• Weak farmer resources for adopting agroecological practices;
  • demoralized and eroding rural communities; and
  • investment in export support instead of environmental support’[32].

In turn, enabling dynamics for an agroecological transition include:

  • crises;
  • coalescing social organization;
  • effective agroecological practices;
  • external allies; and
  • favourable policies[33].

All of the above enablers are currently coalescing in Australia under:

  • a global pandemic;
  • strengthening global and national food sovereignty movements;
  • the emergence of agroecology schools such as those run by the Australian Food Sovereignty Alliance (AFSA); and
  • increasingly supportive state governments offering targeted support for small-scale farmers[34].

Food sovereignty embodies the collective politicisation of agroecology. It asserts everyone’s right to nutritious and culturally appropriate food produced and distributed in ethical and ecologically sound ways, and our right to democratically determine our own food and agriculture systems[35]. With its political roots established in the mid ‘90s in the fertile soils of La Vía Campesina (LVC) – the global alliance of peasants – food sovereignty was launched into public political discourse at the World Food Summit in Rome in 1996[36]. In the words of McMichael, ‘food sovereignty emerged as the antithesis of the corporate food regime and its (unrealized) claims for “food security” via the free trade rules of the World Trade Organization (WTO)’[37].

Agroecology fundamentally aims to promote the deep ecological, social, and economic knowledge of First Peoples, peasants, and other small-scale food producers and custodians of land. It puts decision making power back in the hands of Indigenous Peoples and peasants and local communities.

Regenerative agriculture is promoted and practised by many who are thinking and acting in much more holistic ways than industrial agriculturalists, but as a people’s movement, the approach presently lacks coherence and cohesion. Too much of what I see promoted as regenerative agriculture is still just capitalist agriculture with better inputs. Its ecological work is important but ultimately iterative rather than transformational because of its lack of a political framework. In a critical way regen ag is repeating the errors of the organics movement. Organics were commodified and consolidated because the sector lacked a collective vision to unshackle itself from capitalist food systems.

To my knowledge, regenerative agriculture has not developed a theory of change for an economic or social transformation, and is growing a new generation of ‘experts’ and gurus who profit from teaching the ‘how’ rather than the ‘what’ or ‘why’. This is a critical juncture for regen ag – can it shift to teaching the ‘what’ as well as the ‘how’? Who will its teachers be? Will they accept the challenge to think and advocate beyond farm boundaries to the broader social and political economies and ecologies within which farmers care for country?

Agroecology, on the other hand, has a well-developed theory of change. It works to support horizontal knowledge sharing by empowering farmers and their communities to learn from and with each other and the land and all on it, rather than relying on external experts for inputs of knowledge or other resources.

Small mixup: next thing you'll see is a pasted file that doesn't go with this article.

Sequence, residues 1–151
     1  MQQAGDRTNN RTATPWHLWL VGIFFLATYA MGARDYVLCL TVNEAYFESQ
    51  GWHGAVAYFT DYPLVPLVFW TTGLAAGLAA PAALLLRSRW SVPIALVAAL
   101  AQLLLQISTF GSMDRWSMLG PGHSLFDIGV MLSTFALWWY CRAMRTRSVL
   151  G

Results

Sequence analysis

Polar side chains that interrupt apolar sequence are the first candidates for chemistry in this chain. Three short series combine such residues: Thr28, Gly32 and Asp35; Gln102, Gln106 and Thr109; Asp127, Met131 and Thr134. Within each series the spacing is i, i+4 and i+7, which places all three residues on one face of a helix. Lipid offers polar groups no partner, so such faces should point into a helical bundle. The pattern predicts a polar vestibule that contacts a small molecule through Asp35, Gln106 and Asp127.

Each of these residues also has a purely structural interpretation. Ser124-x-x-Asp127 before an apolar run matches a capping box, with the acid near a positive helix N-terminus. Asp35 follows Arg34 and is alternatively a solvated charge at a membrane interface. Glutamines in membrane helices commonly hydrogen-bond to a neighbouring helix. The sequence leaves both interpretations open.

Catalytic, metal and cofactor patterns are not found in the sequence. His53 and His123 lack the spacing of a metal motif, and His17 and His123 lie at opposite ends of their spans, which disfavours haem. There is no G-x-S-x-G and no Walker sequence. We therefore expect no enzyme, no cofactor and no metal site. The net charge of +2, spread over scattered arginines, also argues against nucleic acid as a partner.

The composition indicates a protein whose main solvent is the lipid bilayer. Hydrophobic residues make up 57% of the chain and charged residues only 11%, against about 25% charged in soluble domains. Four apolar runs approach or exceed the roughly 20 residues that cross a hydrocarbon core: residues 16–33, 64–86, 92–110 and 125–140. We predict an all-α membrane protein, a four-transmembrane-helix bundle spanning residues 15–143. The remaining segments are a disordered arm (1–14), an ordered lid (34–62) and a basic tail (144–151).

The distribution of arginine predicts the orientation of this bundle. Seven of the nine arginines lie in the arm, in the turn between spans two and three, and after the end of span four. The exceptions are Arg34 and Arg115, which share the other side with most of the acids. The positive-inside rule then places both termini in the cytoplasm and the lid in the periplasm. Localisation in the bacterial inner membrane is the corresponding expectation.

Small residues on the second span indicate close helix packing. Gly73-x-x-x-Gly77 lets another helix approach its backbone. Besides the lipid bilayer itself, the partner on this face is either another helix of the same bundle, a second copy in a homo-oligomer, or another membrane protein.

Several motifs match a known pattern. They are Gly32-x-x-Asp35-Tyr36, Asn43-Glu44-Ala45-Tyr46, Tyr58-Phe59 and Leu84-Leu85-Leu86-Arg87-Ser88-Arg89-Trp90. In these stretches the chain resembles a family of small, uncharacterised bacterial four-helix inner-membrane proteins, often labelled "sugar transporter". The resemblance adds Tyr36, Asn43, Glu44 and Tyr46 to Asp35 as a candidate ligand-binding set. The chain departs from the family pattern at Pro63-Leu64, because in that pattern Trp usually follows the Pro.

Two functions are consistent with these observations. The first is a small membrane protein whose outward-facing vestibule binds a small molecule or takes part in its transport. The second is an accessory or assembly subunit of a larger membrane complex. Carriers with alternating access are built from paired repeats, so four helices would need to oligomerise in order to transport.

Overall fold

Further, by collectivising and uniting the voices of the people in democratically constituted organisations like the Australian Food Sovereignty Alliance (AFSA), and actualizing shared decision-making, agroecology offers genuine political strength and capacity for policy reform as well as grassroots transformations. A major strength of agroecology is that it is immune to being captured as a brand due to its grassroots, democratic principles and practices – nobody can own or certify agroecology because it asserts everybody’s right to practice it without reliance on or creation of externalities.

My intentions are altruistic. I do not aim to divide us, but rather to help understand our histories and ways forward from here. Our objective should be to offer every kind of farmer a path to the next food landscape forward. Regenerative agriculture and agroecology proponents and practitioners ultimately want food and agriculture systems that are ecologically sound and socially just. If we work together, actualizing everyone’s right to nutritious, delicious, and culturally appropriate food produced and distributed in ethical and ecologically sound ways, Australia can get there.

Endnotes


[1] Howard 2010, 2011

[2] 1974

[3] 1945

[4] 1975

[5] E.g. Bromfield 1976, 1999, 2015; Seymour 1974; Berry 2004

[6] E.g. Henderson 1943, 1950; Whatley 1987; Salatin 2006

[7] E.g. Berry 2002; Rebanks 2015; Smaje 2020

[8]  McFadden 2004

[9] 2010

[10] 2018

[11] Gosnell, et al 2019

[12] 1957, 1958, 1962

[13] Massy 2017; Brown 2018; Fernandez Arias, Jonas & Munksgaard 2019

[14] Massy 2017; Gosnell 2019

[15] Brown, 2018; Masters 2019

[16] Sherwood 2000; Rhodes 2017

[17] Gosnell et al. 2020; Toensmeier 2016

[18] Call of the Reed Warbler

[19] Scott 1998; Rosset & Altieri 2017; Anderson et al 2021; Liebman, et al 2020

[20] Wezel, Bellon & Doré 2009

[21] Gliessman 2013; Giraldo & Rosset 2017

[22] Rosset & Altieri 2017: 20

[23] Rosset 1990; Altieri 1990, 1995, 2017; Gliessman 2006

[24] Agarwal 2014; Alonso-Fradejas, et al. 2015; Rosset & Altieri 2017

[25] Chappell 2017, 2019; Montenegro de Wit 2020

[26] Gliessman 20016; Philpott, et al 2008; Perfecto & Vandermeer 1995; Perfecto, Vandermeer, & Wright 2009; Liebman, et al 2020

[27] Perfecto, Vandermeer & Wright 2009